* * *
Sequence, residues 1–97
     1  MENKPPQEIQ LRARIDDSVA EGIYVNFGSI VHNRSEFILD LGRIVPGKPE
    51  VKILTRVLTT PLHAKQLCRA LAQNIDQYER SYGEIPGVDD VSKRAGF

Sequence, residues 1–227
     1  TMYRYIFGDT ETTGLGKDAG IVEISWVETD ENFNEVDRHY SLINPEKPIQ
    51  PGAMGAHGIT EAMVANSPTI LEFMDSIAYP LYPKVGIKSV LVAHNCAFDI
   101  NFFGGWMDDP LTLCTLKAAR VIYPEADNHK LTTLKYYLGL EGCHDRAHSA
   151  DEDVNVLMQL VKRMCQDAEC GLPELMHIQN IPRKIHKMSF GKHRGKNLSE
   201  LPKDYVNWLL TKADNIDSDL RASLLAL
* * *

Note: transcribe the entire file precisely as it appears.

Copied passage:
Sequence, residues 1–97
     1  MENKPPQEIQ LRARIDDSVA EGIYVNFGSI VHNRSEFILD LGRIVPGKPE
    51  VKILTRVLTT PLHAKQLCRA LAQNIDQYER SYGEIPGVDD VSKRAGF

Sequence, residues 1–227
     1  TMYRYIFGDT ETTGLGKDAG IVEISWVETD ENFNEVDRHY SLINPEKPIQ
    51  PGAMGAHGIT EAMVANSPTI LEFMDSIAYP LYPKVGIKSV LVAHNCAFDI
   101  NFFGGWMDDP LTLCTLKAAR VIYPEADNHK LTTLKYYLGL EGCHDRAHSA
   151  DEDVNVLMQL VKRMCQDAEC GLPELMHIQN IPRKIHKMSF GKHRGKNLSE
   201  LPKDYVNWLL TKADNIDSDL RASLLAL